I've been doing a lot of sewing this season - between bouts of the flu. Yes, I had a flu shot but this year's strain got me anyway - and it seems to be the gift that just keeps on giving!
A small group of friends has been gathering at my place on Wednesday afternoons to sew. It started with friends wanting to learn to make my easy market bags
and we had "Sew Much Fun" we continued with bargello placemats, pillow cases with french seams, quilt-as-you-go table runners and this week we will attempt aprons. I've looked at dozens of apron patterns and tried to select the best techniques to make a simple apron that can be easily changed to make it smaller for kids or larger for more coverage. The choice of fabric types and placement of pockets and matching or contrasting tie makes every one individual. One apron takes about 1 1/2 yards of fabric. The body alone can be made from a one-yard cut.
First, I made a template for the body of the apron from brown wrapping paper. The long left side goes on the fold of the fabric and measures 34-inches (more or less depending on how long you want it). I cut mine just wide enough to leave a 5-inch strip at the selvage for the tie (about 14-inches wide which when opened makes the apron 28-inches wide from the waist down). I like lots of coverage so I wanted the bib 12-inches across at the top - so the pattern measures 6-inches. The short side measures 24-inches. The curve at the armhole can be a straight line or gentle curve as I show - up to you.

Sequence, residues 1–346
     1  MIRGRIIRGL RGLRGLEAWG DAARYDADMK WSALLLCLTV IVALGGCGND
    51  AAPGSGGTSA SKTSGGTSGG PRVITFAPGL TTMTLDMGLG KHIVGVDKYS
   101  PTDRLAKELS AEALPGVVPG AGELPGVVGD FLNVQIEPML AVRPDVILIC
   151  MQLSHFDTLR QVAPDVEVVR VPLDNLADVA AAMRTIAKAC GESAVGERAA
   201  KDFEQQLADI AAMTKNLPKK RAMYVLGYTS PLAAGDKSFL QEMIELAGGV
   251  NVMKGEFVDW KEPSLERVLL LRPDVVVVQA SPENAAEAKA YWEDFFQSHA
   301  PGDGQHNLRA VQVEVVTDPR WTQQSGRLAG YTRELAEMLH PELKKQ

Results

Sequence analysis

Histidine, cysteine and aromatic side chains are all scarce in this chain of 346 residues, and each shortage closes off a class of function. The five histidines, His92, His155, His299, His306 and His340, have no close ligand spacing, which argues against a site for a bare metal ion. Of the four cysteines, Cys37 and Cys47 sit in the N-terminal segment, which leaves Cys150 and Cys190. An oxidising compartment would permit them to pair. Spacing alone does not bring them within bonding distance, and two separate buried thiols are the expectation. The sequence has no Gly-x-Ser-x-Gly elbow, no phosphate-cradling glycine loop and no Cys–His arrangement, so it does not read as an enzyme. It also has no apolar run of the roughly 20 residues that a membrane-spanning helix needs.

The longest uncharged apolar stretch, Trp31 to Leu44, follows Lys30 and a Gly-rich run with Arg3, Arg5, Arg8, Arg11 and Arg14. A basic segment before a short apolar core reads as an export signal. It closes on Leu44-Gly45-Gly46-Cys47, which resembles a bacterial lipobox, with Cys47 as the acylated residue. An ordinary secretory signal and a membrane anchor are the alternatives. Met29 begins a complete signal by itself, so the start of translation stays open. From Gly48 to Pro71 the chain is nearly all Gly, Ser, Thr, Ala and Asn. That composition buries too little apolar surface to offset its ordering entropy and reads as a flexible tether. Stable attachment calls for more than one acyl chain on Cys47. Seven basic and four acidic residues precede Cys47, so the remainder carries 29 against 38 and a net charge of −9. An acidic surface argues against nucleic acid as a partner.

Here are my pieces cut out and opened up. The top two pieces are for pockets and the long thin straight piece is the tie, folded. This apron uses one long tie. I piece several 2 1/2 wide strips together to make a tie between 4 and 5 yards long so it goes over your head, through the tie tunnels along the curved sides and crosses behind your back and ties in the front. Obviously, the length of the tie depends on the girth of the recipient.
Here are the 2 tie tunnels. Turn the longer edge up 1/4 to 1/2-inch ( I try for a 1/4 but it usually ends up closer to 1/2!) and iron. I used starch to keep it in place.
Pin the tie tunnels to the armhole curve, right sides together, and sew in place with a 1/4-inch seam. The tunnels are left and right and will only fit one way.
Iron the seam open being careful not to un-iron the 1/4-inch hem.
Turn the four straight sides (top, bottom and 2 sides) over 1/4 inch and iron. Include the short sides of the tie tunnel. Fold over again, iron and sew. This takes a little finesse as you turn and iron across the open seam.
Turn the tie tunnel to the wrong side and press.
Topstitch the tie tunnel 1/4-inch from armhole.
Turn apron over and sew inside of tie tunnel at hem.
Sew the 2 1/2-inch strips together to make tie.
The tie is folded, ironed and sewn the same way the handles for the easy market bags were made except no batting is used and the tie is much thinner (finished tie is about 1/2-inch wide and can be sewn with a single row of stitches down the middle or two rows each less than 1/8-inch from the sides.
The tie is threaded up through the first tunnel (I use a large safety pin) and down through the second tunnel - creating the adjustable neck strap.
OK - this picture isn't very clear, but I added a long pocket towards the bottom and stitched it in the middle to make two separate pockets. I also added a pocket on the bib so it looks more like a BBQ apron.